How to React in an Emergency

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Yesterday, attendees at the town hall meeting “How Will You React in a Crisis?” received some valuable tips about preparing for a crisis. The most important tip, offered by both panelists, was to meet with and be familiar with your local emergency professionals before any crisis occurs.

The panelists were Jeff Walker, director of Licking County (OH) Office of Homeland Security, Emergency Management and 911 Services, Newark, OH, and David Gervino, mitigation programs manager at the American Red Cross of Chicago. They both said that club operators should ask their fire department, police department and emergency management services department to come into their place of business to become more familiar with the facility. These departments can offer tips about how to deal with emergency situations and help your business develop a plan to deal with such situations.

Each of these groups must practice handling emergency situations during the year, so you could also offer your place of business as a practice location.

Emergency situations come in all shapes and sizes and no two are the same. Your staff could end up dealing with a shooting (such as the LA Fitness shootings in August--the situation that inspired this Town Hall topic), a hostage situation, a bomb threat, a tornado, an earthquake, a flood or a number of other situations.

Walker offered these tips for dealing with emergency situations:

--Have current blueprints in an accessible spot so police and firefighters can see where everything is located in your building, from doors, windows and roof hatches to utilities and control panels. They also need to know how the exits and roof hatches are secured.

--Create an emergency plan that includes an evacuation plan. Run through these plans with all your employees, even to the point of practicing at least once a year.

--Designate one person to be in charge during an emergency situation with one back-up person. That person should not necessarily be you, especially if you are not on-site very often. The designated person will be the contact person for the emergency personnel and should know where the blueprints are. The person should also be someone who reacts well under pressure.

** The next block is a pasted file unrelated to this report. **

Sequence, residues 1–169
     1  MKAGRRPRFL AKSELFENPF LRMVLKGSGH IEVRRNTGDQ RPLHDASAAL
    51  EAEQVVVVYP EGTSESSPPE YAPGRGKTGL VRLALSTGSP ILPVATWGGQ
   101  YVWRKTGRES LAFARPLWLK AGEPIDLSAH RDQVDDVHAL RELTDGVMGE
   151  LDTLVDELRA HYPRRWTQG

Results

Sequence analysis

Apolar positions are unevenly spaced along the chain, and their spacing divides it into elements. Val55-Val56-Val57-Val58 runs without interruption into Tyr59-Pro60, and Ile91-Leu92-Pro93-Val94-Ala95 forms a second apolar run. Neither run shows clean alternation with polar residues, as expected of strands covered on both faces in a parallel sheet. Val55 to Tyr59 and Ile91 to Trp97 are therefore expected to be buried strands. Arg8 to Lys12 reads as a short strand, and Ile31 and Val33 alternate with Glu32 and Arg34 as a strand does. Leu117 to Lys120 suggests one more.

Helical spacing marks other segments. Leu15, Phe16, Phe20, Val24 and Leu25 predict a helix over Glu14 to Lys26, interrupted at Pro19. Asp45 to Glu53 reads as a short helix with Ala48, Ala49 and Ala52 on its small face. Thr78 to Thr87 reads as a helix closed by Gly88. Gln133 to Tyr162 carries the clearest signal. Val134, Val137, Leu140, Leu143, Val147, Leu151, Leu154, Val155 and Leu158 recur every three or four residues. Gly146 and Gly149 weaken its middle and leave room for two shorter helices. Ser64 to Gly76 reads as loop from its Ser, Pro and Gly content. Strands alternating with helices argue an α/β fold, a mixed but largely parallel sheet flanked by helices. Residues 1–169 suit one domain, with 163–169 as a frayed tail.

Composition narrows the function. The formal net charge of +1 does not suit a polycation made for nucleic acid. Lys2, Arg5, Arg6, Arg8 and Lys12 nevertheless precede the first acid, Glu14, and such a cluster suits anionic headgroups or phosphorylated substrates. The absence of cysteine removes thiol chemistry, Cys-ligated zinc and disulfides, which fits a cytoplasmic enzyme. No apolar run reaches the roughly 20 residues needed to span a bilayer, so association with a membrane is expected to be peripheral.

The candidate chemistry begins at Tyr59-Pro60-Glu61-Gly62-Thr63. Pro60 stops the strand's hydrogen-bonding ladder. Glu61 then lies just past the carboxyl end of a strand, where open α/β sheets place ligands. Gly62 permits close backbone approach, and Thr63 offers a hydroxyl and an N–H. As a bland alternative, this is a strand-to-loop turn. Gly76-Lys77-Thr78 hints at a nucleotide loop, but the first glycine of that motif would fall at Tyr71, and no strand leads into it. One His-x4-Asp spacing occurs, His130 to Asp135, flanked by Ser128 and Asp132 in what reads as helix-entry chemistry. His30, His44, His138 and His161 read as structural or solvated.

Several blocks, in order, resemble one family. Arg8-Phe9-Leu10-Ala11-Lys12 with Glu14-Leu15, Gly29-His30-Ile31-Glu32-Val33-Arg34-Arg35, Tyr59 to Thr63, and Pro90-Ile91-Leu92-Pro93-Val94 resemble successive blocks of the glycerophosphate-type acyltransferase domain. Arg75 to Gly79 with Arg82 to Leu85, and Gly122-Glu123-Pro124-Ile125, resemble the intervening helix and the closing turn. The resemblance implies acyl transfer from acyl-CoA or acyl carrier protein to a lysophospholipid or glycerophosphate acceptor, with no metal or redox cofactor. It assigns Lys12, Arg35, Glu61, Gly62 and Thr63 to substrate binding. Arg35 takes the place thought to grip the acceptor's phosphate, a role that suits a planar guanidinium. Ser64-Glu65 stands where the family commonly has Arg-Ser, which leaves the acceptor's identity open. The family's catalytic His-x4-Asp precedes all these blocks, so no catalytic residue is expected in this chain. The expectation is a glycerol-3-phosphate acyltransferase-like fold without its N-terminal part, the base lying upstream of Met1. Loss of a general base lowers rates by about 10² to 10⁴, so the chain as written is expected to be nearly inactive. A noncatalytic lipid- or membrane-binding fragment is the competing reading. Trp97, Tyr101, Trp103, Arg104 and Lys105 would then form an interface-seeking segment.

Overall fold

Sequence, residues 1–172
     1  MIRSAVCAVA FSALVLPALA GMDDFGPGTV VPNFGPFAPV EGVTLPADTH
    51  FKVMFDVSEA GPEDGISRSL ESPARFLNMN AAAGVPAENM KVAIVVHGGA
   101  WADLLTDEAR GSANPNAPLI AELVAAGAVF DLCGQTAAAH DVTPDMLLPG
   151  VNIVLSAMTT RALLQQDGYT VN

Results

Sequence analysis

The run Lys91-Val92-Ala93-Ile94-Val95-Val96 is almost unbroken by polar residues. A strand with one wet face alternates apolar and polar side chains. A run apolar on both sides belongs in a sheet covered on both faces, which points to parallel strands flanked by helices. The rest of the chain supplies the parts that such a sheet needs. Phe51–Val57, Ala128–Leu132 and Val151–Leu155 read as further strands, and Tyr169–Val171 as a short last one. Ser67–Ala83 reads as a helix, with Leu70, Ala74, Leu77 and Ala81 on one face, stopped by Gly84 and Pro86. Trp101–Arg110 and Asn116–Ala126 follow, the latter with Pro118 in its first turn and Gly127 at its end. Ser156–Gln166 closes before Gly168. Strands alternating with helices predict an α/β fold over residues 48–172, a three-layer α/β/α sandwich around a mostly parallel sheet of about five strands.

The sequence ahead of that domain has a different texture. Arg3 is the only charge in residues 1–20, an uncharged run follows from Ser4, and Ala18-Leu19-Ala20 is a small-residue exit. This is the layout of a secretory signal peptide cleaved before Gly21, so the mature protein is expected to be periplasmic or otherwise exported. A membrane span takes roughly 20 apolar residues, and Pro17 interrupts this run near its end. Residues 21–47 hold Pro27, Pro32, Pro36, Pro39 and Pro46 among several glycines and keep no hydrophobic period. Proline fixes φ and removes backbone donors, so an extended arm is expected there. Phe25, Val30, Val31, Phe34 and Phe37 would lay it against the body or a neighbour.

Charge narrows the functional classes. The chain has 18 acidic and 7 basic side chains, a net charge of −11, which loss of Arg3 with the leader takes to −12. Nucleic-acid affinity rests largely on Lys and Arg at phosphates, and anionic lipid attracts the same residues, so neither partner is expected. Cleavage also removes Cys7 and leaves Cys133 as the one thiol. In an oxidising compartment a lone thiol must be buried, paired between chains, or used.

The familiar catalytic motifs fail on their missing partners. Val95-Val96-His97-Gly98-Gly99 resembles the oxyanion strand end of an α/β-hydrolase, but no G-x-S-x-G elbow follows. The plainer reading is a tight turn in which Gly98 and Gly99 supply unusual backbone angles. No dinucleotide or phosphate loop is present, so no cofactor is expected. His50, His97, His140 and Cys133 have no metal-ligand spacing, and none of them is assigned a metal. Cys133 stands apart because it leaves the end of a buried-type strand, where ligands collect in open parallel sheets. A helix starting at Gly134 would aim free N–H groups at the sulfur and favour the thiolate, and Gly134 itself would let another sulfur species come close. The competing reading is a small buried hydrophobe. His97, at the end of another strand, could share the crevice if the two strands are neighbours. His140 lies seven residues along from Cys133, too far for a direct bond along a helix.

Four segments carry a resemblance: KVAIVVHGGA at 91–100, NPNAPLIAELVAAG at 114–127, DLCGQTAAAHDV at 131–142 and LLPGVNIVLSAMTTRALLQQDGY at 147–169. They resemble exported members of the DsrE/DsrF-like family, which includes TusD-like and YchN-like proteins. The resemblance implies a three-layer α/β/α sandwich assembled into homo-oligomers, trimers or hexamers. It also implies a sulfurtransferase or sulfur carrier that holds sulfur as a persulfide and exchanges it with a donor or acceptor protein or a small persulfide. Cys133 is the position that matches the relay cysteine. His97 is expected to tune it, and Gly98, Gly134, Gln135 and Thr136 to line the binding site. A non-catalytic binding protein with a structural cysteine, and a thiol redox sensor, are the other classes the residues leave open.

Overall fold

--Designate a location for employees to gather once they're outside the building so you can get a head count to let the emergency personnel know if someone is missing. You must also talk with the fire department to see where they would stage their emergency vehicles so that you do not plan your employee gathering spot in the same location.

--Remain calm and as you evacuate, follow law enforcement direction, which will probably include raising your hands with your fingers spread (so police can ensure you are not carrying a weapon because they initially will be uncertain about who is the perpetrator).

--Do not stop to ask police for help or directions when evacuating, just proceed in the direction from which officers are entering the premises.

--Include this information in your 911 call: name of the business, address of the building, location of the shooter or hostage taker, place from which you are calling and your name.

--Also provide this information to the 911 operator or to law enforcement if they are on the premises already: number of shooters (if more than one), physical description of shooter(s), number and type of weapon(s) on the shooter(s), number of potential victims.

--Do not end the 911 call until the 911 operator tells you to. Be the last to hang up.

Gervino, who was speaking in place of Joe Gray, senior director of health and safety at the American Red Cross of Chicago (Gray was at the presentation but a cold prevented him from being able to speak at great length), told the attendees that the Red Cross offers a workplace violence prevention class. Red Cross representatives can come to your workplace to offer tips about how to spot potential problem employees or members and potentially dangerous situations in the workplace. They can also help you set up business continuity plans and evacuation plans for various situations. The Red Cross also has a Ready Rating plan to help you with a self assessment. After a situation occurs at your facility, the Red Cross has psychologists who can come on-site to help employees appropriately deal with their feelings.

The final thought from Walker was that employees are going to perform in reality in the same way they practice responding, so ensure you are practicing and that you are teaching them how to react properly.

We will continue to offer tips on this subject online and in print, so keep watching our Web site for more in the future.

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